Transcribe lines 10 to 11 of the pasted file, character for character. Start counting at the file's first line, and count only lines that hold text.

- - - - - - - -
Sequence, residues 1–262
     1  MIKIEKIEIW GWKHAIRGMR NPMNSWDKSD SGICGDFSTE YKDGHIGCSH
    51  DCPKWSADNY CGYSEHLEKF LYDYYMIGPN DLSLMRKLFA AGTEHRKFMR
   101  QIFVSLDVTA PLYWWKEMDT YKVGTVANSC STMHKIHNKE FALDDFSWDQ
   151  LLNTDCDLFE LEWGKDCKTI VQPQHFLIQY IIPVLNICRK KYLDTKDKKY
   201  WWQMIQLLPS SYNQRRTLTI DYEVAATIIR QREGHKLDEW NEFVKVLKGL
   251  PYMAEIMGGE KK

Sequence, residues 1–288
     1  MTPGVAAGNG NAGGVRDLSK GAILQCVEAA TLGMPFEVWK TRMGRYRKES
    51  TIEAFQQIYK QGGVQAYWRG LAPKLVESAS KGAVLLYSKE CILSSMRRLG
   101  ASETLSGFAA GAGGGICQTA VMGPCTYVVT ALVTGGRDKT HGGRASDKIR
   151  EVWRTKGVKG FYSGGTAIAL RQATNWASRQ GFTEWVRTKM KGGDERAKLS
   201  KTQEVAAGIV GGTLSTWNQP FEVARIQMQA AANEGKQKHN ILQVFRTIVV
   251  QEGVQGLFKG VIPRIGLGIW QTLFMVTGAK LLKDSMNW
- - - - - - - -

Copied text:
    51  TIEAFQQIYK QGGVQAYWRG LAPKLVESAS KGAVLLYSKE CILSSMRRLG
   101  ASETLSGFAA GAGGGICQTA VMGPCTYVVT ALVTGGRDKT HGGRASDKIR